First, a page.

I will take some time to set out exactly what the instrument does. It puts in place new arrangements for the recognition of EEA and Swiss professional qualifications that are currently automatically recognised by UK regulators. Such qualifications will become acceptable overseas qualifications. These qualifications will continue to be recognised without additional testing, other than checks on language skills and where there are concerns about applicants’ fitness to be registered. The regulations give UK regulators a new power to stop the automatic recognition of a qualification by seeking designation of that qualification if so desired. This is not currently possible under the directive, and this important additional measure will enhance public protection. Such a designation will be subject to Privy Council consent.

The Government have been asked whether they will set out in guidance the criteria to be applied by regulators when seeking designation of a qualification. We do not intend to do so. UK health and care professional regulators currently set the standards for UK qualifications. In our view, therefore, they are best placed to identify whether there is a case for designating a qualification as not comparable to these standards on the grounds of public safety. UK regulators will be able to seek designation of any qualification that is currently automatically accepted but about which they have concerns. It will be the responsibility of the regulators to present the evidence in support of designation. The most likely basis for designation will be that a qualification does not meet the standard of the equivalent UK professional qualification. The arrangements for the continued recognition of automatic qualifications will be reviewed by the Secretary of State for Health and Social Care two years after these regulations come into force.

These regulations also enable qualifications that are not currently covered by the automatic system to be considered by the relevant UK regulator and compared with the equivalent UK standard, as is currently the case. The regulations enable applications which have been made before exit day to be concluded under the current arrangements, as far as practically possible. This instrument also enables individuals practising under temporary and occasional status, or under the European professional card, to continue to do so until such registration expires.

Concerns have been expressed that the removal of temporary and occasional registration will have a detrimental impact on the number of EEA or Swiss-trained healthcare professionals practising in the UK, but we do not think that that is a genuine problem. Just 160 professionals are registered on a temporary and occasional basis. Professionals practising on such a basis will not lose their registration on exit day; they will instead be able to practise until their registration expires, which may be for up to 18 months. At that point they will be able to seek full registration in the same way as any other holder of an EEA or Swiss qualification.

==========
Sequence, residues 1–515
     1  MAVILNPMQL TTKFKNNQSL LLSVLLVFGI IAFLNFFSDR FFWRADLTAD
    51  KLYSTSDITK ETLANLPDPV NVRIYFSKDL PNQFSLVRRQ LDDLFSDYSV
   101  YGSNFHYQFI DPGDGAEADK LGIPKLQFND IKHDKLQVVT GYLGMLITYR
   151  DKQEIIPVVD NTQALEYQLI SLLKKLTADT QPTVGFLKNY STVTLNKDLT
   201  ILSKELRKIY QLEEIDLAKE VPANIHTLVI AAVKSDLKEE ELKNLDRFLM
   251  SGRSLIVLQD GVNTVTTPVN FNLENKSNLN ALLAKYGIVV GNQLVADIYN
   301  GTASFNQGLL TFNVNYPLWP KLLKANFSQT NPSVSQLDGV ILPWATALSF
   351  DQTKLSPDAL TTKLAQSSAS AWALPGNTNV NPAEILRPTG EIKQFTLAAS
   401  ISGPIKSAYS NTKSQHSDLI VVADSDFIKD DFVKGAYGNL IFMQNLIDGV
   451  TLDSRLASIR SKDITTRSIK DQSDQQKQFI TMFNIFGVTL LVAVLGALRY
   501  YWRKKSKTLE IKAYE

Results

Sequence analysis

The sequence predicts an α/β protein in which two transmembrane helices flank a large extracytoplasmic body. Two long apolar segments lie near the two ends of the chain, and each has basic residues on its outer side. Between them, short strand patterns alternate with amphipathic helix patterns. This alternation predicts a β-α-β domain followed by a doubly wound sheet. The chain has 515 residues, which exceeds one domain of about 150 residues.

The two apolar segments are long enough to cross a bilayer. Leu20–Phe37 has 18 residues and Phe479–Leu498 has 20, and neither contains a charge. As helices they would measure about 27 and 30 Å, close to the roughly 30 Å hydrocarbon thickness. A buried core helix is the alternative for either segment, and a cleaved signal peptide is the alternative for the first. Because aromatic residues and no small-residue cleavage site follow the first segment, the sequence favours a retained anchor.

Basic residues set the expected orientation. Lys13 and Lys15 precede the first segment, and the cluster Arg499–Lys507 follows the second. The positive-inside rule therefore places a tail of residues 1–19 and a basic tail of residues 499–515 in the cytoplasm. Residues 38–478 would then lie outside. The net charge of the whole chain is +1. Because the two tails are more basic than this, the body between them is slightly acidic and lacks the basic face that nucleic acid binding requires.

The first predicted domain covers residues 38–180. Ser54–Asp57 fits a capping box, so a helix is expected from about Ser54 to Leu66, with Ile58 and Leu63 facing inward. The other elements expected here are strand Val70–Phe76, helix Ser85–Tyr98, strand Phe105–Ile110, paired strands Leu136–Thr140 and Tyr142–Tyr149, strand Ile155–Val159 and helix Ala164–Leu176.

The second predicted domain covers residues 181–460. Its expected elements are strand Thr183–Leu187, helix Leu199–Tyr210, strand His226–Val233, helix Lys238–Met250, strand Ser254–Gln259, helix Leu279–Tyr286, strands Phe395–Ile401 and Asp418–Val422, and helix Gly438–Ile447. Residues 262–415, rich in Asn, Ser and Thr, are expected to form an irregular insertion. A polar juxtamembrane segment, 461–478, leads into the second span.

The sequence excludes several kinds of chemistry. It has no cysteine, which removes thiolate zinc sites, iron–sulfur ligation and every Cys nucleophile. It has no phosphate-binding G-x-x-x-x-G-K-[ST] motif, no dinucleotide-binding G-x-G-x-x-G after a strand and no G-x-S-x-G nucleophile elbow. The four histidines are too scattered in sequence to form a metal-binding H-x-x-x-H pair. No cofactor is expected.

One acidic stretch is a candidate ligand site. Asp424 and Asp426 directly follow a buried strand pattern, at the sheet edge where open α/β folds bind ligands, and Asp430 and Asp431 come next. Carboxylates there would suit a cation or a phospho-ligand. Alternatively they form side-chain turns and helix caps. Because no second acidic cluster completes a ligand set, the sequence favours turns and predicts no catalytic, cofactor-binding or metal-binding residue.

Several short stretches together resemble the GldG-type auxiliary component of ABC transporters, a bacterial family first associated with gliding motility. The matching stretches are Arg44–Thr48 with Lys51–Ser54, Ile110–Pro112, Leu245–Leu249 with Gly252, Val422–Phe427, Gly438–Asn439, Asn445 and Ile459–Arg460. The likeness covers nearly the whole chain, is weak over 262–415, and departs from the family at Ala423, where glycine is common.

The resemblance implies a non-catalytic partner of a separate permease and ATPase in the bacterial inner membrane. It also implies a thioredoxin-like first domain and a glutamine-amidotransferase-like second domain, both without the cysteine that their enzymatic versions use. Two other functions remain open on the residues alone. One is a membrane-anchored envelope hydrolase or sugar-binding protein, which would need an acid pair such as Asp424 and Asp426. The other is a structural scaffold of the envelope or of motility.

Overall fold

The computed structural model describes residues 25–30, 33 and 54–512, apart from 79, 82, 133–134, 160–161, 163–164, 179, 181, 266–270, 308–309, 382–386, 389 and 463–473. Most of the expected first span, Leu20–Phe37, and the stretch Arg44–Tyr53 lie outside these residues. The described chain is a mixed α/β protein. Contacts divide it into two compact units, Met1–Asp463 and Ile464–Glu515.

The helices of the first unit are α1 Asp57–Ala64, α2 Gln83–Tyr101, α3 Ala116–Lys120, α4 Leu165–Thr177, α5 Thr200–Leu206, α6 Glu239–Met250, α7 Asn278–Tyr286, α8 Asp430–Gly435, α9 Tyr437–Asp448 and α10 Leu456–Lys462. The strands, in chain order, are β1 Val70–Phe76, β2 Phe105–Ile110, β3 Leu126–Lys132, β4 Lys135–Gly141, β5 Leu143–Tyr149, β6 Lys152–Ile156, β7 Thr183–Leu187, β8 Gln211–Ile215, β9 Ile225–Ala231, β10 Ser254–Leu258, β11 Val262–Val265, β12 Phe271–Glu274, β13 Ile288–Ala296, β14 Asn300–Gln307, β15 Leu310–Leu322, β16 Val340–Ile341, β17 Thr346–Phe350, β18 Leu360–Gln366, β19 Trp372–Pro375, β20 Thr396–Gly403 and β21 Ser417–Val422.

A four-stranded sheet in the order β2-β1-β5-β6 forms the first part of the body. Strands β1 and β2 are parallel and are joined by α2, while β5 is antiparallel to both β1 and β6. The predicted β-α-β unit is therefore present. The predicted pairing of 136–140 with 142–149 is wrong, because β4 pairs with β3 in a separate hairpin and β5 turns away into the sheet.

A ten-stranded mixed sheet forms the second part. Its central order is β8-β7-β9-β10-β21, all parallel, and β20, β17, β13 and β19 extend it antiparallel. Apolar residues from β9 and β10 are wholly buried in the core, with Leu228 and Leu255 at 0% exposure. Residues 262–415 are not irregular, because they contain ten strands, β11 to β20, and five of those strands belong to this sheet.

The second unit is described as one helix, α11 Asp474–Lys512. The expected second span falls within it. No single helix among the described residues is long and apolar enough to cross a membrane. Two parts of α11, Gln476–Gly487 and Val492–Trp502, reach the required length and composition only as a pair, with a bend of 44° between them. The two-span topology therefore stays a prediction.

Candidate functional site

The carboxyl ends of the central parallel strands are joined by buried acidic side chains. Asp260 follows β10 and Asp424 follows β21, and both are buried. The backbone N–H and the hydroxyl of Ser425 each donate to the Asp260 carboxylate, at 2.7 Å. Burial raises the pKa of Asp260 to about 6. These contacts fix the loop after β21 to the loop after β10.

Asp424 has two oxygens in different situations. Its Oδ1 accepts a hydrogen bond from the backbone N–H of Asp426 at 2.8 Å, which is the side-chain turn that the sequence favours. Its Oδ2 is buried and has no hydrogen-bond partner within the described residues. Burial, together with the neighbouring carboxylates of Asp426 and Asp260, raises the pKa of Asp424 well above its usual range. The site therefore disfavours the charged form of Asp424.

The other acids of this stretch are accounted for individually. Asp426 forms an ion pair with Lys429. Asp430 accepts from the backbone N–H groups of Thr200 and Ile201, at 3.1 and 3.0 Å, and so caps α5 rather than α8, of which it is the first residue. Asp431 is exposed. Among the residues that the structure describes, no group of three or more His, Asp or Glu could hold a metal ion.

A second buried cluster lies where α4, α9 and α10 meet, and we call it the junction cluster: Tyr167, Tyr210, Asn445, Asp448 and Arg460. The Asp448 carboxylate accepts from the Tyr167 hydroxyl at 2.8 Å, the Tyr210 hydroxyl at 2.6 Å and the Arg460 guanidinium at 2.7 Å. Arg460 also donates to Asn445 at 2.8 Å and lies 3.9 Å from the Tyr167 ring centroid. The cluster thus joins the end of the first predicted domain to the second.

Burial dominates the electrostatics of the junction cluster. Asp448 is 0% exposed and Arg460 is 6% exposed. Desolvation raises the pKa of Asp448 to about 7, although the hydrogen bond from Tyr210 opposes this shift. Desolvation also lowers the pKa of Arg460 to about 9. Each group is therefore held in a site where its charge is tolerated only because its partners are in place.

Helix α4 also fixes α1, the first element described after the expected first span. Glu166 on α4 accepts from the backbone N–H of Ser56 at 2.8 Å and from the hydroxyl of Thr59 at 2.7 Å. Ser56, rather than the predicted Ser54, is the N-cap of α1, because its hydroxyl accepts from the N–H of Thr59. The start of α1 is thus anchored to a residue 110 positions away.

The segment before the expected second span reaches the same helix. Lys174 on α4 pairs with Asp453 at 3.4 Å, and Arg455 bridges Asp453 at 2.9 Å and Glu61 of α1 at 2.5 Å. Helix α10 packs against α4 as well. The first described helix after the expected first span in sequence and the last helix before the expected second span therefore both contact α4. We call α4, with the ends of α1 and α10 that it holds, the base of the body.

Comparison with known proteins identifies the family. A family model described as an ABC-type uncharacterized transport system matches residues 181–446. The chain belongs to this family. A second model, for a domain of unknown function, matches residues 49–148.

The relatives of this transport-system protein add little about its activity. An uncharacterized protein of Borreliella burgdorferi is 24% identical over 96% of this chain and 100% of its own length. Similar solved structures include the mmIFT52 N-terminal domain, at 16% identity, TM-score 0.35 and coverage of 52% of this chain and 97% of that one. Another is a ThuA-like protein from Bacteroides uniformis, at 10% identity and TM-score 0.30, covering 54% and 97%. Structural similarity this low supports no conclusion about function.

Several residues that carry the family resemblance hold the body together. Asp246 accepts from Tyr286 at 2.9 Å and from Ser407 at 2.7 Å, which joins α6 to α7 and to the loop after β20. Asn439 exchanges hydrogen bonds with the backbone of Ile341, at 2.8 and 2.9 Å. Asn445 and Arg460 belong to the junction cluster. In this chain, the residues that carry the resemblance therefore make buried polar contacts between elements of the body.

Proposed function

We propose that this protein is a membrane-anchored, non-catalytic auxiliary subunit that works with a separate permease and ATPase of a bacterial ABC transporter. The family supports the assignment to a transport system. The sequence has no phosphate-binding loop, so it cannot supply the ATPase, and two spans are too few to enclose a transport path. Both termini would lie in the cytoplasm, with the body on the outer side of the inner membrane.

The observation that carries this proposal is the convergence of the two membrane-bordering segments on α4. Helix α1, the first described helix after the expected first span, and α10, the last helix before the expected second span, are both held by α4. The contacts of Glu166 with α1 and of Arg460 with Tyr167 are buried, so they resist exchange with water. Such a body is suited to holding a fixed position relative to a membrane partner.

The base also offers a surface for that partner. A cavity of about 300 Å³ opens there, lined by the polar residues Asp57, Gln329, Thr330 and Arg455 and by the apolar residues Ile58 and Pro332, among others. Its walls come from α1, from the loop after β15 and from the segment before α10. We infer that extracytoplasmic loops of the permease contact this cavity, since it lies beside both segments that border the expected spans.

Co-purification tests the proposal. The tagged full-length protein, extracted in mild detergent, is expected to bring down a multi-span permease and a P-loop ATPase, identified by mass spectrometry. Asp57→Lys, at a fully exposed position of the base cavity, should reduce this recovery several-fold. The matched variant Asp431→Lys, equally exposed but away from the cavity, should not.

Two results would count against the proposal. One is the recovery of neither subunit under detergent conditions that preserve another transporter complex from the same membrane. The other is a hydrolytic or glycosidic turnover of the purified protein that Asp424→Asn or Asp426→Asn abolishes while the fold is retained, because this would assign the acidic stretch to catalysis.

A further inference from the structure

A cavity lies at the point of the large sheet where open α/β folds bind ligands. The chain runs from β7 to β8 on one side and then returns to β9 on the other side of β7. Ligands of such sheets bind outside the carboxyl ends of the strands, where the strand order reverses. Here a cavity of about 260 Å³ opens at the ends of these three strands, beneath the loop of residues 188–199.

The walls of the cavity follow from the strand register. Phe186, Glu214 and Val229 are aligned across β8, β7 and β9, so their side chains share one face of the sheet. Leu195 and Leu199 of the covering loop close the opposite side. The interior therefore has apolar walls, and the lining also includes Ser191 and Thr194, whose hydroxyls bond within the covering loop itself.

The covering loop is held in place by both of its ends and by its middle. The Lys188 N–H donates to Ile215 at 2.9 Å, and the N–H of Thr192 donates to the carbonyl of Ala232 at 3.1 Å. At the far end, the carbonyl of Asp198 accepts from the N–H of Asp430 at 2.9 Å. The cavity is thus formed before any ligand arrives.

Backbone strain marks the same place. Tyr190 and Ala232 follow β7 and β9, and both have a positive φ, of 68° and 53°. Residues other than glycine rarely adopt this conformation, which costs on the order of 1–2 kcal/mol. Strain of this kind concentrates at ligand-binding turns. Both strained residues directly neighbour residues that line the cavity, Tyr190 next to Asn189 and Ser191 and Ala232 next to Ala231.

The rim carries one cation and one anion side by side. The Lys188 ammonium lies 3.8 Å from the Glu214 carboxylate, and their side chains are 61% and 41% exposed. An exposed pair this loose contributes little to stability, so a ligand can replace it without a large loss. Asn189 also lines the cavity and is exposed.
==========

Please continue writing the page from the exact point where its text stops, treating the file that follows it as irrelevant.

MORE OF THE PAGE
Finally, this order removes obligations and administrative arrangements that will no longer apply to the UK regulators, operate effectively or be desirable to maintain when the UK leaves the EU. These include: the removal of the requirement to share information through the European Commission’s internal market information system, IMI, to which UK regulators would no longer have access; the ending of arrangements that allow professionals to practise in the UK using an EPC, which relies on having access to IMI; and the removal of the requirement on UK regulators to set professional education and training standards that comply with standards set in the directive. This provides UK regulators with greater flexibility to set education and training standards that meet the needs of the health and care sector in the UK.

These regulations put in place a system for the recognition of EEA and Swiss professional qualifications if the UK exits the EU without a deal. It also ensures that those applications that are in process on exit day will be concluded under the current arrangements, as far as practically possible. On that basis, I beg to move.